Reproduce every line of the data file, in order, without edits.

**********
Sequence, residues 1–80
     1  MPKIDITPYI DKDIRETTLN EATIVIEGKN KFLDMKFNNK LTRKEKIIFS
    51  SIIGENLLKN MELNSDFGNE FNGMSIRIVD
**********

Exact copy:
Sequence, residues 1–80
     1  MPKIDITPYI DKDIRETTLN EATIVIEGKN KFLDMKFNNK LTRKEKIIFS
    51  SIIGENLLKN MELNSDFGNE FNGMSIRIVD